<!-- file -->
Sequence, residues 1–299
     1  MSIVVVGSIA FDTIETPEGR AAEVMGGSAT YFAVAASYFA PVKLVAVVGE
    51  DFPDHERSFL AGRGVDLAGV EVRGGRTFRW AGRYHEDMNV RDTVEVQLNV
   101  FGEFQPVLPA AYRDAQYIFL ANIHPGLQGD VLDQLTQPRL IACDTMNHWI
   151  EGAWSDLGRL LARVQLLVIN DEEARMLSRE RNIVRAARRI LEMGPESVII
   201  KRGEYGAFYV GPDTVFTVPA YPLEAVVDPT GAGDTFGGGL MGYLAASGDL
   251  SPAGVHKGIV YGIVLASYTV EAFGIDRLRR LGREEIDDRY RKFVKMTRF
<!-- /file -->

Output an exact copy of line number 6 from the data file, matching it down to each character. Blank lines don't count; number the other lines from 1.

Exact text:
   201  KRGEYGAFYV GPDTVFTVPA YPLEAVVDPT GAGDTFGGGL MGYLAASGDL